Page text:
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Showing 1 - 20 of 20 Journals sorted alphabetically
Acta Universitatis Sapientiae Communicatio     Open Access  
Advances in Image and Video Processing     Open Access   (Followers: 24)
Argumentation and Advocacy     Hybrid Journal   (Followers: 1)
Asian Journal of Communication     Hybrid Journal   (Followers: 9)
Atlantic Journal of Communication     Hybrid Journal   (Followers: 8)
Communication Quarterly     Hybrid Journal   (Followers: 14)
Communication Reports     Hybrid Journal   (Followers: 8)
Communication Research     Hybrid Journal   (Followers: 22)
Communication Research Reports     Hybrid Journal   (Followers: 8)
Communication Studies     Hybrid Journal   (Followers: 16)
Communication Teacher     Hybrid Journal   (Followers: 5)
Cryptography     Open Access   (Followers: 1)
European Journal of Communication     Hybrid Journal   (Followers: 16)
Health Communication     Hybrid Journal   (Followers: 17)
Jurnal The Messenger     Open Access  
Language Learning Journal     Hybrid Journal   (Followers: 30)
Mass Communication & Society     Hybrid Journal   (Followers: 11)
Political Communication     Hybrid Journal   (Followers: 19)
Popular Communication     Hybrid Journal   (Followers: 3)
Ukrainian Information Space     Open Access  
Similar Journals
Journal Cover
Advances in Image and Video Processing
Number of Followers: 24  

  This is an Open Access Journal Open Access journal
ISSN (Print) 2054-7412
Published by Society for Science and Education Homepage  [4 journals]
  • Flowstress and Overstress Approaches to Dynamic Viscoplasticity

    • Authors: Y. Partom
      Abstract: Viscoplasticity is mostly modelled by the flowstress approach, where the flowstress (Y) is a function of pressure, temperature, plastic strain and strain rate Y (P, T, ). For dynamic viscoelasticity the flowstress approach is used in hydrocodes together with the radial return algorithm, to determine deviatoric stress components in each computational cell and for each time step. The flowstress approach assumes that during plastic loading, the flowstress in stress space follows the current stress point (current Y). Unloading of a computational cell is therefore always elastic. The overstress approach to dynamic viscoplasticity was used in various versions in the 1950s and early 1960s, before the advent of hydrocodes. By the overstress approach a state point may move out of the quasistatic flow surface upon loading, and hence the term overstress. When this happens, the state point tends to fall back (or relax) onto the quasistatic flow surface through plastic flow, and the rate of this relaxation is an increasing function of the amount of overstress. In this paper we first outline in detail how these two approaches to dynamic viscoplasticity work, and then show an example for which the overstress approach has an advantage over the flowstress approach. The example has to do with elastic precursor decay in planar impact, and with the phenomenon of anomalous thermal strengthening, revealed recently in planar impact tests. The overstress approach has an advantage whenever plastic flow during unloading is of importance.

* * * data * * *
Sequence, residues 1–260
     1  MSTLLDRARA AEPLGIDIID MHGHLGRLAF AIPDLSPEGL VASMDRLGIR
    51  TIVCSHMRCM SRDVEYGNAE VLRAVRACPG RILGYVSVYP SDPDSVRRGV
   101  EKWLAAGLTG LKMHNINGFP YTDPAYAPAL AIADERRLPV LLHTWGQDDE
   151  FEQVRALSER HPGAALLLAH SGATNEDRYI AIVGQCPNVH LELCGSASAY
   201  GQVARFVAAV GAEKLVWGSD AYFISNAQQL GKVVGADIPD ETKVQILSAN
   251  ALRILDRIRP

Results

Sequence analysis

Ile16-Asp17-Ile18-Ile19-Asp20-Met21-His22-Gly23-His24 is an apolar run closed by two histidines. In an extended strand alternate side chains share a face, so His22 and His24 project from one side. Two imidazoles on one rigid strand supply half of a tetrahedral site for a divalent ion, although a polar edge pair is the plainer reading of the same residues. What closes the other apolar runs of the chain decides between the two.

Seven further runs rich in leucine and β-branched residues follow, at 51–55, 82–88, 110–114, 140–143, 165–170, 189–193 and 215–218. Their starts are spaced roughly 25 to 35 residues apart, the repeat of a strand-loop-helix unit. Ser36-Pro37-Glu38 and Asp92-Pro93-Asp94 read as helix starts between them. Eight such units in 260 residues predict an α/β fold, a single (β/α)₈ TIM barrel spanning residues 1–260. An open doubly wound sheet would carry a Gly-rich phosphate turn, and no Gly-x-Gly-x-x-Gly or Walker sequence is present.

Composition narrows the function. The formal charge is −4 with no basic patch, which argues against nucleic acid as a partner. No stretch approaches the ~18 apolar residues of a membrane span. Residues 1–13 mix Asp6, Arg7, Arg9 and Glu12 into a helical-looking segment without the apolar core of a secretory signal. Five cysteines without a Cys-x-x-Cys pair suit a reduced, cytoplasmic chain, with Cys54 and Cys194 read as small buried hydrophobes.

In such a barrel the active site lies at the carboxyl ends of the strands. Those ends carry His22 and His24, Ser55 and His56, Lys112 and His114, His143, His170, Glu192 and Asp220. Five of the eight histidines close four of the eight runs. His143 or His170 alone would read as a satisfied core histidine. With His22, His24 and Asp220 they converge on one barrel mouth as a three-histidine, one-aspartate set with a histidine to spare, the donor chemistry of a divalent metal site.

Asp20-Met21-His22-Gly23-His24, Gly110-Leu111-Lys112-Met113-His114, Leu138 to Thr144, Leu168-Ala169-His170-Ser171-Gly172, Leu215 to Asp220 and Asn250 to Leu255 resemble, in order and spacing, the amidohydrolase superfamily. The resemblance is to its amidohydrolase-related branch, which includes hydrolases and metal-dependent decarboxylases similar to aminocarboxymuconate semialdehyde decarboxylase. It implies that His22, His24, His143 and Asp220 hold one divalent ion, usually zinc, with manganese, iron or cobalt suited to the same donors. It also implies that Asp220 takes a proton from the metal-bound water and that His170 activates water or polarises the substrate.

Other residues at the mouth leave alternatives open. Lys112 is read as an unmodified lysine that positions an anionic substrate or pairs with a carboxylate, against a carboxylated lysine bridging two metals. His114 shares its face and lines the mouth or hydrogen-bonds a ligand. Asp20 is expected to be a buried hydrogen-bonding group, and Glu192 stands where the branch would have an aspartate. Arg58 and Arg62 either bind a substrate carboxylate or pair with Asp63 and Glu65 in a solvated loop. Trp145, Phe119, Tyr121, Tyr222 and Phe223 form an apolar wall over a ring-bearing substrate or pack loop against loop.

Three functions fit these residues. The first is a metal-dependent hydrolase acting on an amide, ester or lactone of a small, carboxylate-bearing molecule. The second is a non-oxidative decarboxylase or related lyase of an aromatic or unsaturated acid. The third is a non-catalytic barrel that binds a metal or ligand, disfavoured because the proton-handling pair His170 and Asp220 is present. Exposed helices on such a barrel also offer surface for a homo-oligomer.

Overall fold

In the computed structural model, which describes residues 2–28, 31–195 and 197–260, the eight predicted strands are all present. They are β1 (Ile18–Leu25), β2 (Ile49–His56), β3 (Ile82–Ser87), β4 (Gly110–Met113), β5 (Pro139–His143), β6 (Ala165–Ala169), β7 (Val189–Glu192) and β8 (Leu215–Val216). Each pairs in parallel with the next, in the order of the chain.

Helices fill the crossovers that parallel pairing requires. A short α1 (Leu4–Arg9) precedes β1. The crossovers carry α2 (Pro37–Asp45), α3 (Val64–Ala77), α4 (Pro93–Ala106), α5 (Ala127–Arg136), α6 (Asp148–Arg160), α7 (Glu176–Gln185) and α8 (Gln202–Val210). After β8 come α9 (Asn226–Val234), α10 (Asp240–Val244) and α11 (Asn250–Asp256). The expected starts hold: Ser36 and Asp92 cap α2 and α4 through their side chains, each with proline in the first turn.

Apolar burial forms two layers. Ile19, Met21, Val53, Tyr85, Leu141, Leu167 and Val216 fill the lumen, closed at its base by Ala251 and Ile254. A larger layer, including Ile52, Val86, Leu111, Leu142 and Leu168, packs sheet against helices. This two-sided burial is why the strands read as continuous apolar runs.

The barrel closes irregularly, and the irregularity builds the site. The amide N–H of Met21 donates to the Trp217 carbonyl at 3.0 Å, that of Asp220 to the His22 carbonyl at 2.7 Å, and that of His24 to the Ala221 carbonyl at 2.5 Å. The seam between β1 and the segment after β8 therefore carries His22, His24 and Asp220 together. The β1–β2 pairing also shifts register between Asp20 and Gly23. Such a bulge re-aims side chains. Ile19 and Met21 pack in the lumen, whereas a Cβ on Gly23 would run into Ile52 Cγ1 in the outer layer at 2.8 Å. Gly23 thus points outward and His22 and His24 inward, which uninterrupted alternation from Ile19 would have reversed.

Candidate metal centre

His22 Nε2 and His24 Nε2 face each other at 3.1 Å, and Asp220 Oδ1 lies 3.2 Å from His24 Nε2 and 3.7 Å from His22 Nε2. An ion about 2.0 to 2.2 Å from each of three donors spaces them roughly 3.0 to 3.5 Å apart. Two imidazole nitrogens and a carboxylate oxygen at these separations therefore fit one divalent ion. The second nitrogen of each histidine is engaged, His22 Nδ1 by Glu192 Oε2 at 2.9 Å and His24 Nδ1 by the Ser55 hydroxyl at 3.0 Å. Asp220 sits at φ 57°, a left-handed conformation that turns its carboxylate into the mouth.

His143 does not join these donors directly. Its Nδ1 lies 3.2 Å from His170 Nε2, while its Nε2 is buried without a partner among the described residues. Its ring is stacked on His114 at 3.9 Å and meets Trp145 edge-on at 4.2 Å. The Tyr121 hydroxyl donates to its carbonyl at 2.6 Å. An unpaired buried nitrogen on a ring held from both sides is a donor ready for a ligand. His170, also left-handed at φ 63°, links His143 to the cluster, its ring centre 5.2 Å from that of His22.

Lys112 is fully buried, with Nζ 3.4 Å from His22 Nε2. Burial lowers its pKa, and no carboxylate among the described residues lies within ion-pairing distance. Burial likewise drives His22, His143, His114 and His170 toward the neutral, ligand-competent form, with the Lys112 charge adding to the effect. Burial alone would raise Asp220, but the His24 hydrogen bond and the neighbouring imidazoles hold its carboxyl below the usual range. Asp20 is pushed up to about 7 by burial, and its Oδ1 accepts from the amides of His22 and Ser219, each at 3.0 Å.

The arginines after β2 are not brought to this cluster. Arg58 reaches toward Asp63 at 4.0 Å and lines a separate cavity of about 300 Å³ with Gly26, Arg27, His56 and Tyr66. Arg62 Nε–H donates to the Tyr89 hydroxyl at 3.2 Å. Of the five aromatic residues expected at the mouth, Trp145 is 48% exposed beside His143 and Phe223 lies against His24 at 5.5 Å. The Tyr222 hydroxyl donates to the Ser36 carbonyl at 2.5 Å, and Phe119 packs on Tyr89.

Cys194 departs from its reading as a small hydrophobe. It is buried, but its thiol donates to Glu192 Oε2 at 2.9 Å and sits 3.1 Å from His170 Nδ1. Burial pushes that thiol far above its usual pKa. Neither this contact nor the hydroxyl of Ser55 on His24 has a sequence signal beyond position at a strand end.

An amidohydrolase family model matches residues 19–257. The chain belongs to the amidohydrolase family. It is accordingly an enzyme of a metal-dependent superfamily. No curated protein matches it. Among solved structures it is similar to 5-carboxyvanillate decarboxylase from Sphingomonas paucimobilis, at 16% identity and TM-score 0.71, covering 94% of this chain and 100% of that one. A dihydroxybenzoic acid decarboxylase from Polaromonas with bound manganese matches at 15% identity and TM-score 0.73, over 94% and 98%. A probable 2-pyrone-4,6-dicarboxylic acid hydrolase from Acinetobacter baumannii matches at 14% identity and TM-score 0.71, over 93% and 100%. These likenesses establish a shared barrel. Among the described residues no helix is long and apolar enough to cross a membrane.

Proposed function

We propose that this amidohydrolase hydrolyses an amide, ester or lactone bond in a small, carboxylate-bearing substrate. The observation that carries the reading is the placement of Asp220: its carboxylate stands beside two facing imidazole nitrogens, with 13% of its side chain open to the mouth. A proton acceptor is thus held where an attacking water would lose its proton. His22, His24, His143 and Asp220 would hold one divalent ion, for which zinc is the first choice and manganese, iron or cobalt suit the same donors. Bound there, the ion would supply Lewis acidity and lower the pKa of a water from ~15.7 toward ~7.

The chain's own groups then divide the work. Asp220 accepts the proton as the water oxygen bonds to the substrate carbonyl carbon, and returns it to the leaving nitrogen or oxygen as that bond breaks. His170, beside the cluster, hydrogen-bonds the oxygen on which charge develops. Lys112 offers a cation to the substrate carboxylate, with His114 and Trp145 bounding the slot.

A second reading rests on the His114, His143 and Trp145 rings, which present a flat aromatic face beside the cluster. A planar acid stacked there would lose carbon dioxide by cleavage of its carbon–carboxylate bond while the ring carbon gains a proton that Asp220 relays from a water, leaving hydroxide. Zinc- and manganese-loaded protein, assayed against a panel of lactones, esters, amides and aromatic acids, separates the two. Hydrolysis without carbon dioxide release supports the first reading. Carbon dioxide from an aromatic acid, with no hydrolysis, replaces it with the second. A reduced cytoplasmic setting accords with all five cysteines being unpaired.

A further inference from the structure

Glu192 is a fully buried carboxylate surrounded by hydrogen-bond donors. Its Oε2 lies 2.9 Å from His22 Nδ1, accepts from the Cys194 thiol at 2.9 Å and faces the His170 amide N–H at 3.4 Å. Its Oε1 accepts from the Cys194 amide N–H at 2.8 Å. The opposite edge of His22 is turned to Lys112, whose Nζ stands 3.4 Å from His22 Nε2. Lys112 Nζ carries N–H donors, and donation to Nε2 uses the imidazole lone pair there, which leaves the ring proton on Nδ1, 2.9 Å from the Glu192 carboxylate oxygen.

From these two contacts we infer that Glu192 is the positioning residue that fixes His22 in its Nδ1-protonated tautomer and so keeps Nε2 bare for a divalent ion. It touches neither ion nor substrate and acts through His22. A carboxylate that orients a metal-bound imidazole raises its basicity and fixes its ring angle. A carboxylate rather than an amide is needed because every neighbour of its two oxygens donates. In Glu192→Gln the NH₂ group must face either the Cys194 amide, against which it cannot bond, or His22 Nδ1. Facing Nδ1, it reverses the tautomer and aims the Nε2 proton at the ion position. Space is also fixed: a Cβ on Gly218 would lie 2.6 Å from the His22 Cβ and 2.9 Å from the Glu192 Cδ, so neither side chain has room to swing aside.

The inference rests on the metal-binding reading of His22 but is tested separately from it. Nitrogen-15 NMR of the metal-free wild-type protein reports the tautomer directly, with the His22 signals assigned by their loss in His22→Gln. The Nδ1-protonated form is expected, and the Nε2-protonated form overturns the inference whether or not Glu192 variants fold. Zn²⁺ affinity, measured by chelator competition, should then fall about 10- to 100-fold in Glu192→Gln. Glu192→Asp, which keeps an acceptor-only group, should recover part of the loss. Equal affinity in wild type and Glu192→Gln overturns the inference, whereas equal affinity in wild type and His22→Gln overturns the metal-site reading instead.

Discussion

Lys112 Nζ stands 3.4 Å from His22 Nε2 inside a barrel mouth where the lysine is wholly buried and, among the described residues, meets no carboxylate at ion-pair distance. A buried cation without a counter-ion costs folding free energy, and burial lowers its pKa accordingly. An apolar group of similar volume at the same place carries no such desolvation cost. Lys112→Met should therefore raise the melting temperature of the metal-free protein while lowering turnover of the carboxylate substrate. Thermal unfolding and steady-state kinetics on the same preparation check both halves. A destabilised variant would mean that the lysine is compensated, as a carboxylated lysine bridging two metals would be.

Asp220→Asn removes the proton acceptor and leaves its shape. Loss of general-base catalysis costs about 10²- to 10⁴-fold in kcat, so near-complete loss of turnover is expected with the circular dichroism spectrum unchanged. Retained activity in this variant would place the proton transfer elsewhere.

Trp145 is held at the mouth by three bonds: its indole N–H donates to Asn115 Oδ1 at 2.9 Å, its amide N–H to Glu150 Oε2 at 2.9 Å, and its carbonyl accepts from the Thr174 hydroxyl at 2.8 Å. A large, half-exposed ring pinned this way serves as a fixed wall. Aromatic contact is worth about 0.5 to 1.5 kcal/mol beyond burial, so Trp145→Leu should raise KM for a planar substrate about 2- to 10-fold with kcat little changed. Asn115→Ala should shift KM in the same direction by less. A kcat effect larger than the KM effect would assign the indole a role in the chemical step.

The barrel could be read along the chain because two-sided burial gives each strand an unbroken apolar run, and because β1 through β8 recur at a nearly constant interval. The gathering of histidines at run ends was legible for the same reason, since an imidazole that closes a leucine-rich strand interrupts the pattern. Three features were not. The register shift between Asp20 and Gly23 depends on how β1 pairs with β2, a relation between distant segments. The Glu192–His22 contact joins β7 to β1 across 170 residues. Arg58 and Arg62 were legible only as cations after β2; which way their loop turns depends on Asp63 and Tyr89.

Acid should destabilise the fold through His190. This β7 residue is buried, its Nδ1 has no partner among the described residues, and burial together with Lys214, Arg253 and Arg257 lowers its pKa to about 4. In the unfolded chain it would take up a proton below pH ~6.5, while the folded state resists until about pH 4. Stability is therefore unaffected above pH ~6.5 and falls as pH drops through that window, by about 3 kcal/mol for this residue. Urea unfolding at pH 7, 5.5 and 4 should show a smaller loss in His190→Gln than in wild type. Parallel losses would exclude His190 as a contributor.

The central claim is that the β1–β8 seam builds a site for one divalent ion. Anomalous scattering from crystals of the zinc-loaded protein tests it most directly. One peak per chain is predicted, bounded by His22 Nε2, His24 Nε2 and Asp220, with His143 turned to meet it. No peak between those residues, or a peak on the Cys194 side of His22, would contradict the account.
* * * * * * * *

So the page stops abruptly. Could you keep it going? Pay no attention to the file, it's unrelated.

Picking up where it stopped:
PubDate: Fri, 17 Mar 2023 00:00:00 +000
  • Exploring the Efficacy and Feasibility of Wind Energy as A Panacea for
           Eskom’s Sustainable Generation with Energy Security and Energy Poverty

    • Authors: Dr. Victor Chipane Maleka; Dr. Mohammad Shahidul Islam
      Abstract: There is ample proof that South Africa's ongoing reliance on fossil fuels as its primary source of energy consumption. It has contributed to the release of greenhouse gases that have exacerbated ecosystem disruption causing global warming and climate change. The study investigated and evaluated the effectiveness and feasibility of wind energy as a magic bullet to improve energy security, sustainable energy production, and alleviate energy poverty in South Africa. This is in order to improve sustainable energy generation, energy security, and the elimination of these problems. A thorough literature review of papers published between 2015 and 2022 was done in this study. SWOT analysis method (strengths, weaknesses, opportunities, and threats) is also used in the study. According to the analysis, Eskom's deployment of wind energy at a large scale can enhance South Africa's energy security and sustainably provide power while also lowering the country's present level of energy poverty. The systematic literature review indicates that South Africa, particularly in the Eastern and Western Cape regions, offers significant potential for and capacity for renewable wind energy. In order to incorporate renewable sources into its energy mix and achieve energy sustainability, Eskom should use macro-level strategies that discourage carbon-based energy.
      PubDate: Fri, 17 Mar 2023 00:00:00 +000
  • Micronutrient Mineral and Nutrient Content of Volcanic Soils and Creeks
           from the Montserrat Soufriere Hills Volcano. Nature’s Fertilizer: